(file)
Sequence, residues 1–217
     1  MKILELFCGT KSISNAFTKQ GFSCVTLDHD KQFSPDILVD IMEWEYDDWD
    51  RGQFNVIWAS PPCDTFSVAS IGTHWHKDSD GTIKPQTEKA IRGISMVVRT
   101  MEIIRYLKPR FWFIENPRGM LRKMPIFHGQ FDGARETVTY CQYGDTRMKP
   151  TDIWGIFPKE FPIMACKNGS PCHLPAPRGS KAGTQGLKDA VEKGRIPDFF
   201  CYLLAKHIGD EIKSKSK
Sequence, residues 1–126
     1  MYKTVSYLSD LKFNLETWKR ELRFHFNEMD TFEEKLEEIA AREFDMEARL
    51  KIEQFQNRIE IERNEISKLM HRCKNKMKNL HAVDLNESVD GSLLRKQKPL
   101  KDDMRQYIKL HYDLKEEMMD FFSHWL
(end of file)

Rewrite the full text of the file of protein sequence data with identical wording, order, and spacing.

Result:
Sequence, residues 1–217
     1  MKILELFCGT KSISNAFTKQ GFSCVTLDHD KQFSPDILVD IMEWEYDDWD
    51  RGQFNVIWAS PPCDTFSVAS IGTHWHKDSD GTIKPQTEKA IRGISMVVRT
   101  MEIIRYLKPR FWFIENPRGM LRKMPIFHGQ FDGARETVTY CQYGDTRMKP
   151  TDIWGIFPKE FPIMACKNGS PCHLPAPRGS KAGTQGLKDA VEKGRIPDFF
   201  CYLLAKHIGD EIKSKSK
Sequence, residues 1–126
     1  MYKTVSYLSD LKFNLETWKR ELRFHFNEMD TFEEKLEEIA AREFDMEARL
    51  KIEQFQNRIE IERNEISKLM HRCKNKMKNL HAVDLNESVD GSLLRKQKPL
   101  KDDMRQYIKL HYDLKEEMMD FFSHWL